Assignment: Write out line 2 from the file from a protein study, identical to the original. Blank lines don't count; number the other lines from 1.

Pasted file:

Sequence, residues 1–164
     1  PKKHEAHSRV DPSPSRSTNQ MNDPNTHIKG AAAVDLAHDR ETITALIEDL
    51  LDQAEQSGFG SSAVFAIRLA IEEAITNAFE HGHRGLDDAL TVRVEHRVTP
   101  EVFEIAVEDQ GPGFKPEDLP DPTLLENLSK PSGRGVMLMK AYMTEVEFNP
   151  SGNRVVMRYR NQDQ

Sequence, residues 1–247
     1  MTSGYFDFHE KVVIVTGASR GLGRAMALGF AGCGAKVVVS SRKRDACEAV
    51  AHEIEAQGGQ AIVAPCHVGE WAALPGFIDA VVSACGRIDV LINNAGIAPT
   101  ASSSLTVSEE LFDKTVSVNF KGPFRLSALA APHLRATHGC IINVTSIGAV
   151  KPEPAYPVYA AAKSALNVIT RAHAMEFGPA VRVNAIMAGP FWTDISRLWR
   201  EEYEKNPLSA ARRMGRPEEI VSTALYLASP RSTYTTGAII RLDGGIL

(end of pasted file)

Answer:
     1  PKKHEAHSRV DPSPSRSTNQ MNDPNTHIKG AAAVDLAHDR ETITALIEDL